The classification of a misdemeanor death by motor vehicle case doe NOT mean that resolving these cases is not difficult. Misdemeanor death by vehicle cases are still very difficult to handle, from a criminal defense attorney’s perspective. The same multi-faceted investigation, which often includes use of an accident reconstruction expert and an exhaustive search for eyewitnesses to the collision, takes about as much time as felony vehicular homicide cases.
Plus, because most criminal cases have a related civil lawsuit by the surviving family of the deceased, these aspects of handling an Atlanta homicide case be very time-consuming. Where the available liability insurance is paltry, and insufficient, our criminal defense attorneys often recommend a motor vehicle accident lawyer who is part of the local plaintiff’s personal injury lawyers Bar to intercede on our client’s behalf, in order to do damage control for this part of the motor vehicle death case.
Also, both under Georgia law and similar laws in other states, this category of offenses generally requires that the driving or operating must be causally connected to the crash, impact, or accident by evidence of violation of some “rule of the road” or other faulty driving behavior by the criminally-charged motorist behind the wheel. Georgia has hundreds of misdemeanor traffic offenses, and only a handful of felony traffic offenses, so virtually any traffic violation committed may support either a misdemeanor vehicular homicide charge. The Georgia legislature has limited those traffic violations that can act as the “predicate” offenses for felony, first degree vehicular homicide prosecutions. The prosecutor must be able (at trial) to connect the causal element to contributing to the death or another person (e.g., due to impairment by alcohol, or drugs, or reckless driving).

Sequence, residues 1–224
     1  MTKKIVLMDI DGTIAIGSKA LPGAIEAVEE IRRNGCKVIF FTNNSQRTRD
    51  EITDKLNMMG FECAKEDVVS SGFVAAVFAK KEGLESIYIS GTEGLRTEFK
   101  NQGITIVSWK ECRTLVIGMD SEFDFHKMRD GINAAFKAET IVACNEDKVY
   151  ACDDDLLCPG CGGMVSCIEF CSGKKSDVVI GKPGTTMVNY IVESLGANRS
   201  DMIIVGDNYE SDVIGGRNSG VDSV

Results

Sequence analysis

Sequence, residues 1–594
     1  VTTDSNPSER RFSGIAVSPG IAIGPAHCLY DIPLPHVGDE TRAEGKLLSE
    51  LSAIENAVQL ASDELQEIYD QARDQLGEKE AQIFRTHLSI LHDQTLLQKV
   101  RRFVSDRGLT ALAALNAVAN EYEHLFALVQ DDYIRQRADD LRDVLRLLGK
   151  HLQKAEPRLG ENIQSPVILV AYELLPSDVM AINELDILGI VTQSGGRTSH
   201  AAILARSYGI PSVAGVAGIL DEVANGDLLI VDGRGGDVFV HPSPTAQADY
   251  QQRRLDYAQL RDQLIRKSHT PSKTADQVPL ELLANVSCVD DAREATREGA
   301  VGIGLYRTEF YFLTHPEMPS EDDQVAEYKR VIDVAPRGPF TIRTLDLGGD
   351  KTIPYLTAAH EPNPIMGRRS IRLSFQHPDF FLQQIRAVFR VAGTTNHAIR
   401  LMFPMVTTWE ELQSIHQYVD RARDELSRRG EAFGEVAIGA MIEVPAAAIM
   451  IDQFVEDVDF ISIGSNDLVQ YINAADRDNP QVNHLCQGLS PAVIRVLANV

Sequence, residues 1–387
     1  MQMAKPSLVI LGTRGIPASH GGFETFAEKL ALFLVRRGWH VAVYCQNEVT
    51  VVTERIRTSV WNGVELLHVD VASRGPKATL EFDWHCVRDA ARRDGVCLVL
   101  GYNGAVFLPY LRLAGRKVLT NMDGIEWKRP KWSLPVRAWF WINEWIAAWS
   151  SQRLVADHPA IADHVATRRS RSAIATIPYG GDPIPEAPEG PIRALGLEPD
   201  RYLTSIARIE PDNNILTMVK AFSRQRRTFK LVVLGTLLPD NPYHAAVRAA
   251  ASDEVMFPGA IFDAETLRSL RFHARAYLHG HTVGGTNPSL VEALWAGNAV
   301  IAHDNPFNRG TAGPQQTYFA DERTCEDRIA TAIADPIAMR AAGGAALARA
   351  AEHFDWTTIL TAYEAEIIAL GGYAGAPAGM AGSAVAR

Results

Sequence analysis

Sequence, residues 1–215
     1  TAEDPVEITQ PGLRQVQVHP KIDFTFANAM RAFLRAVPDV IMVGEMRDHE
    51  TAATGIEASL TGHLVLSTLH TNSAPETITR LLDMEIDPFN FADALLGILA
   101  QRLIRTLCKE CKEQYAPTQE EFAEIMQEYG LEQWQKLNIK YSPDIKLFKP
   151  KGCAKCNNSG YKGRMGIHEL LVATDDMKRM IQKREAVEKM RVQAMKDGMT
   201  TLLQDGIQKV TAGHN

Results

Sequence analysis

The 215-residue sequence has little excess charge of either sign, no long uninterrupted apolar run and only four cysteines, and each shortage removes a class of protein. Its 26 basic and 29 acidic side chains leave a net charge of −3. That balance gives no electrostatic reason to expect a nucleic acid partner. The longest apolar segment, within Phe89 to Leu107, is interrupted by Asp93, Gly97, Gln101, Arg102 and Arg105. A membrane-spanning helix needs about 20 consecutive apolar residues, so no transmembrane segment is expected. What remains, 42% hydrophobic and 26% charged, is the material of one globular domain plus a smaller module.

The General Legislature has identified 5 serious driving offenses that pose a higher likelihood of catastrophic consequences in motor vehicle accident cases in Georgia, and are thus harshly punished as felonies. These five motor vehicle crimes, which are all classified as serious misdemeanors, are the “first degree vehicular homicide predicate offenses” under Georgia vehicle homicide law. If the person arrested in Georgia for a vehicular homicide charge has been arrested for any of these 5 serious misdemeanor traffic offenses, a felony homicide by vehicle indictment or accusation is likely to be pursued by the District Attorney of the county when a person dies while the driver commits any of these traffic offenses: